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Mental and physical health 101: Essential tips and resources for your college student


Whole-body health and wellness are the foundation for students’ success. Here’s what you need to know.

So, your kids have picked out their dorm room furniture, secured their meal plans and are ticking off the college checklist. Be sure that list includes resources for mental and physical health.

After all, college is the first time many students will manage multiple responsibilities on their own without the structure, guidance and support they may be used to at home. Help set your new and returning students up for success with the following tips:

Ensure they have proper health insurance coverage Also, see to it that your student carries his or her health insurance card(s) and is generally familiar with plan benefits. For more on college student health insurance coverage, look here.

Make sure your kids are up to date with vaccines While colleges may not require the COVID vaccination or annual flu shot, both are recommended by health experts. College kids are often in crowded surroundings and often have less-than-stellar sleep routines and diets. Which leads to our next tip.

Emphasize the importance of routines and good health habits That means getting enough sleep, eating nutritious foods and regular meals, and getting physical activity. Research speaks to the positive connection between healthy behaviors and academic performance.  For example, good sleep has been shown to be instrumental for memory, decision-making and learning.

Start the conversation about mental health before they leave And keep the conversation going. Mental health issues among college students have soared in the past decade. The Healthy Minds Study, a survey of about 350,000 students from 373 campuses between 2013 and 2021, revealed that more than 60 percent of students met the criteria for at least one mental health problem in 2020-2021, an almost 50 percent jump from 2013. Students of color experienced the most increase in mental concerns.

“The upheaval caused by the pandemic coupled with the stresses of college life can feel overwhelming,” says Suzanne Kunis, Vice President for Behavior Health at Horizon Blue Cross and Blue Shield of New Jersey. “Let your students know that mental issues like anxiety and depression are common and are nothing to be ashamed about. Tell them that you are there for them and ensure they know where to go for additional help should they need it.”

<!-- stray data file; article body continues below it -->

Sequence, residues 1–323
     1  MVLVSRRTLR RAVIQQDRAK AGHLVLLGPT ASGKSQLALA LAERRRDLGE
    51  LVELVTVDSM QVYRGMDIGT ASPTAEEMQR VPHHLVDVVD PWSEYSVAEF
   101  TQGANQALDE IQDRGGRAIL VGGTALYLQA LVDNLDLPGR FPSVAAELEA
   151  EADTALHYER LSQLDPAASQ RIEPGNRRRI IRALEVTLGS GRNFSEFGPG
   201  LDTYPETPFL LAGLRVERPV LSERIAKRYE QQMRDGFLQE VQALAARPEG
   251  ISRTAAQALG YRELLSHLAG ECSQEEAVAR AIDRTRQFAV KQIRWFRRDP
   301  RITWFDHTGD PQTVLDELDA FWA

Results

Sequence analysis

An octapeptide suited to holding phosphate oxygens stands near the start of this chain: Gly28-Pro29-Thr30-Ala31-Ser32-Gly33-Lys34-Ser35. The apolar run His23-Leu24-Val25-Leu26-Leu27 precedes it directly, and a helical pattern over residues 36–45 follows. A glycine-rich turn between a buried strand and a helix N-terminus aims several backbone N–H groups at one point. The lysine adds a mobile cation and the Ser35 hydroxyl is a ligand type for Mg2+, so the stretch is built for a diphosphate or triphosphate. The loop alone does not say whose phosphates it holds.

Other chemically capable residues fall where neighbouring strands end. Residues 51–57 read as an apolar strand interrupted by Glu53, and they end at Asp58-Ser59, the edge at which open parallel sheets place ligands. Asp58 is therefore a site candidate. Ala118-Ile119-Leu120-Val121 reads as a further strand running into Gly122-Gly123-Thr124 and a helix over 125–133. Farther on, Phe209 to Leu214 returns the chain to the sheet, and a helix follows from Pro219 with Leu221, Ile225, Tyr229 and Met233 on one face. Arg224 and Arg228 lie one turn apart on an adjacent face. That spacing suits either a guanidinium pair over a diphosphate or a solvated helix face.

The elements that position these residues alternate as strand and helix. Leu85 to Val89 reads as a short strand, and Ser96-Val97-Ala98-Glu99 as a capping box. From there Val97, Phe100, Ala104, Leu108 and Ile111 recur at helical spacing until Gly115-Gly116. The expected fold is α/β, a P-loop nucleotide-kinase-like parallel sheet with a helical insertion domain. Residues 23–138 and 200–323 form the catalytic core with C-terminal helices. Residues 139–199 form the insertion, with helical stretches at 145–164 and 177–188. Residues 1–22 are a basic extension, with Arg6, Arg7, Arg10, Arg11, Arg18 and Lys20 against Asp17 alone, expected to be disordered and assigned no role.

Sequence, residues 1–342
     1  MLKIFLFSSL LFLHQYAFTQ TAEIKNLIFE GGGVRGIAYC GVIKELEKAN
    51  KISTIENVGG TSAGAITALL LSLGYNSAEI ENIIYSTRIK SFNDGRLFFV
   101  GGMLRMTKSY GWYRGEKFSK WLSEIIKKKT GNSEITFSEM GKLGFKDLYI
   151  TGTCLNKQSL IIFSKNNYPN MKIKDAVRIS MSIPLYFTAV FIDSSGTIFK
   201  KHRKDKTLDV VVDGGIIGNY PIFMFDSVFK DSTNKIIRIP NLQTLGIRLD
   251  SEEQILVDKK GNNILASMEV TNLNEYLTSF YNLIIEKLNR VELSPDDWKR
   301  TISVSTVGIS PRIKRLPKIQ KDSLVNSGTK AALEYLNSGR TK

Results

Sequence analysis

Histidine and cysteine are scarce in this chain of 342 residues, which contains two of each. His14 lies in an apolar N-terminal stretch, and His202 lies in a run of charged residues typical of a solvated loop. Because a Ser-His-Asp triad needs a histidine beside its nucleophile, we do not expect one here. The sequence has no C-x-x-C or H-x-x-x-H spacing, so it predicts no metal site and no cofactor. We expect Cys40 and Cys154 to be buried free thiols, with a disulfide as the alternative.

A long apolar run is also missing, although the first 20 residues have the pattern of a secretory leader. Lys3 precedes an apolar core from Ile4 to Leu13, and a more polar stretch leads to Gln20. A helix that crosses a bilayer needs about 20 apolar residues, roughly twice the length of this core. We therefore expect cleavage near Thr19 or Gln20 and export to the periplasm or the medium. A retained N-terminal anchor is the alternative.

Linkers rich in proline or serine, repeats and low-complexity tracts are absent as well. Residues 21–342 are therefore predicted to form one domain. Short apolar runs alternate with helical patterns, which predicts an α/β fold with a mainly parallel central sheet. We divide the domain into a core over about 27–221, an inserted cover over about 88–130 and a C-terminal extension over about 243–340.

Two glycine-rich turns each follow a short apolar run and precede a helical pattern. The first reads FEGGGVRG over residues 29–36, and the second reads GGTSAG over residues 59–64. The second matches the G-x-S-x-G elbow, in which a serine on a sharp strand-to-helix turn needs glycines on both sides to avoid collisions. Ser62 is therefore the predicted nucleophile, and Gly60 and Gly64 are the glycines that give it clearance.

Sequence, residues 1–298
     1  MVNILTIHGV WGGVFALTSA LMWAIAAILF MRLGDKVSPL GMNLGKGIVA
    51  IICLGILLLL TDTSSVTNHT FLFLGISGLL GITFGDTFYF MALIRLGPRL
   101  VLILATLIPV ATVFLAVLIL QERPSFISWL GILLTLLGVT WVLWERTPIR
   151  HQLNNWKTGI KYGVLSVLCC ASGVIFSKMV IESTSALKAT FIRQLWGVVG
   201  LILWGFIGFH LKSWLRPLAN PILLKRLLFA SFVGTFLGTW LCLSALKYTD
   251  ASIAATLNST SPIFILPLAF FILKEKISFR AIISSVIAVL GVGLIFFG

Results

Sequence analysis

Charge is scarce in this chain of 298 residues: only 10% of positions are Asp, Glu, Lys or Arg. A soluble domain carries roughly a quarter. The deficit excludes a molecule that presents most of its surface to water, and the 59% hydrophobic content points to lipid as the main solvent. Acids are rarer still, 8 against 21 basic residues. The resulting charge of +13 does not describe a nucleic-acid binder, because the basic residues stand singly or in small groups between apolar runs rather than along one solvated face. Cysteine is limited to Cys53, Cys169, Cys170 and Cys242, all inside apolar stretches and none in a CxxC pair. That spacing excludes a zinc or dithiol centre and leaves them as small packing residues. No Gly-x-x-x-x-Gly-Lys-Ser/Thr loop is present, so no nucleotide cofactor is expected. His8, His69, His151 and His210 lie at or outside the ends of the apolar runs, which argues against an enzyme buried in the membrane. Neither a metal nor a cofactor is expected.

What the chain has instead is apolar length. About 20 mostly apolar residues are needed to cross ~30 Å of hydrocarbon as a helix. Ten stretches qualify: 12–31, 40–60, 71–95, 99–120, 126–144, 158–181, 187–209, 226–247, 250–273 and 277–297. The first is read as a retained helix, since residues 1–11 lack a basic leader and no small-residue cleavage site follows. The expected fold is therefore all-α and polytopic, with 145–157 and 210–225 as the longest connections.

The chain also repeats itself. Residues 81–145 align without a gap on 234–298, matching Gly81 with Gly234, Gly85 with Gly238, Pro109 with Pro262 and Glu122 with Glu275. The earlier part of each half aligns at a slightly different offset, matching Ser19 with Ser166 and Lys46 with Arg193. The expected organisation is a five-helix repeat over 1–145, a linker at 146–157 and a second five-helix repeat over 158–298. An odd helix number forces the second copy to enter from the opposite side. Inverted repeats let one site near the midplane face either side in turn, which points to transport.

Talk about safe sex, healthy relationships and sexually transmitted diseases (STI) While discussions about navigating safe, consensual encounters and relationships may feel uncomfortable, they are important, especially at this stage of life. Note that the Centers for Disease Control and Prevention (CDC) estimates that up to 50 percent of all annually diagnosed STIs occur in those ages 15 to 24. This article from Collegiate Parent provides resources to help with these conversations.

Learn about campus health resources beforehand Make sure your student knows the physical location of the student health center and all online resources and services, including where to go for after-hours or emergency care. Reviewing this information before they leave can help you and your student feel more comfortable once the inevitable fever or other health issue arises.

College is a time of transition for parents and kids alike. This is one article in a series that speaks to helping your student make the most of their health during this important time.